Sustainability leader Hunter Lovins once called the building industry “dynamically conservative — it works hard to stay in the same place.”
But old habits cannot fully address new challenges. According to 350.org, fossil fuel corporations currently have in their reserves five times the amount of carbon that, if burned too quickly, may raise atmospheric temperatures to a catastrophic level where Hurricane Sandy-scale storms could become the norm. Quicker, deeper progress is imperative.
Architecture is an essential arena for sustainable innovation. Buildings represent about half the annual energy and emissions in the U.S. and three-quarters of its electricity. With the built environment growing — the U.S. building stock increases by about 3 billion square feet every year — architects have a historic opportunity to transform its impact for the better.
Keep reading to find out the 6 Steps architects can take to transform the profession, after the break…
Earlier this month, we featured a three part series that explored Urban Agriculture – how its design could change our relationship to food and potentially guide the way we plan and revitalize our cities. In the last article of the series “Towards an Urban Agri-puncture,” I proposed a way that design could make a social impact on cities as well: by creating community-oriented, productive landscapes where cities need them most.
Little did I know that a young Architect was way ahead of me.
Read More about About Dylan Kwok’s ingenious approach to Green Design, after the break…
Walk into the cafeteria at the Googleplex and you are nudged into the “right” choice. Sweets? Color-coded red and placed on the bottom shelf to make them just a bit harder to reach. “Instead of that chocolate bar, sir, wouldn’t you much rather consume this oh-so-conveniently-located apple? It’s good for you! Look, we labelled it green!”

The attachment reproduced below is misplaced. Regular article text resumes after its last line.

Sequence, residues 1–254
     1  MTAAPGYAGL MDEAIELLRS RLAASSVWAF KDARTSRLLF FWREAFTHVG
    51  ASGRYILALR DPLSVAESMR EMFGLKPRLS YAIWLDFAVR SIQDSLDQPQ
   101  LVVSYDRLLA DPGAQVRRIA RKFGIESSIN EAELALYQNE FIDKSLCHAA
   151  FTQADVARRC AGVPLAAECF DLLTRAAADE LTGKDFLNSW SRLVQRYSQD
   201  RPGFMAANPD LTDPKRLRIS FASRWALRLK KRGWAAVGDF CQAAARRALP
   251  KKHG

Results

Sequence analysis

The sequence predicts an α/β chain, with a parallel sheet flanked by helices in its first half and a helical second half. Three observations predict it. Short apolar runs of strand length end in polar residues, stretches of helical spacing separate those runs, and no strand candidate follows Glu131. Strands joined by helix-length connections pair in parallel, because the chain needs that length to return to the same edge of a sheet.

Like the Google cafeteria guides you to take responsibility of your health, Google wants to transform the construction industry to take responsibility of the “health” of its buildings. They have been leveraging for transparency in the content of building materials, so that, like consumers who read what’s in a Snickers bar before eating it, they’ll know the “ingredients” of materials to choose the greenest, what they call “healthiest,” options.
These examples illustrate the trend of “medicalization” in our increasingly health-obsessed society: when ordinary problems (such as construction, productivity, etc.) are defined and understood in medical terms. In their book Imperfect Health, Borasi and Zardini argue that through this process, architecture and design has been mistakenly burdened with the normalizing, moralistic function of “curing” the human body. 
While I find the idea that design should “force” healthiness somewhat paternalistic and ultimately limited, I don’t think this “medicalized” language is all bad – especially if we can use it in new and revitalizing ways. Allow me to prescribe two examples: the most popular and the (potentially) most ambitious urban renewal projects in New York City today, the High Line and the Delancey Underground (or the Low Line).
More on “curative” spaces after the break. (Trust me, it’s good for you.)
PORTLAND–A recent study by Portland-based Earth Advantage Institute reveals that Energy Star and LEED certification for new and existing homes not only saves money but might also raise resale value. The study, conducted over four years in the six-county Portland metropolitan area, found that newly constructed homes with third-party certifications for sustainability and energy efficiency sold for 8% more on average than non-certified homes, and existing homes with certifications sold for 30% more. A similar study was also conducted Seattle, showing 9.6% price premium with certification. While the results are inconclusive, they are compelling.
From the Washington Post Writers Group VIA Los Angeles Times: